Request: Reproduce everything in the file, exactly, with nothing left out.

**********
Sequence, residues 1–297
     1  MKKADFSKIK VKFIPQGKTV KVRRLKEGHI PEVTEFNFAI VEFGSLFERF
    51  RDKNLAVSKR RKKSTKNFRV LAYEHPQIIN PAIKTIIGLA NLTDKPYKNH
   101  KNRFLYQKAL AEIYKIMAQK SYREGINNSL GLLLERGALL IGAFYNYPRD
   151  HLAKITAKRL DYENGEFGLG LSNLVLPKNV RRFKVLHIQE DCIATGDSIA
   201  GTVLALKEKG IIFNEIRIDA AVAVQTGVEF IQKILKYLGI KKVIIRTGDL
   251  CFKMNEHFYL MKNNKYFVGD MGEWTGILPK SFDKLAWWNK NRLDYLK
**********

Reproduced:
Sequence, residues 1–297
     1  MKKADFSKIK VKFIPQGKTV KVRRLKEGHI PEVTEFNFAI VEFGSLFERF
    51  RDKNLAVSKR RKKSTKNFRV LAYEHPQIIN PAIKTIIGLA NLTDKPYKNH
   101  KNRFLYQKAL AEIYKIMAQK SYREGINNSL GLLLERGALL IGAFYNYPRD
   151  HLAKITAKRL DYENGEFGLG LSNLVLPKNV RRFKVLHIQE DCIATGDSIA
   201  GTVLALKEKG IIFNEIRIDA AVAVQTGVEF IQKILKYLGI KKVIIRTGDL
   251  CFKMNEHFYL MKNNKYFVGD MGEWTGILPK SFDKLAWWNK NRLDYLK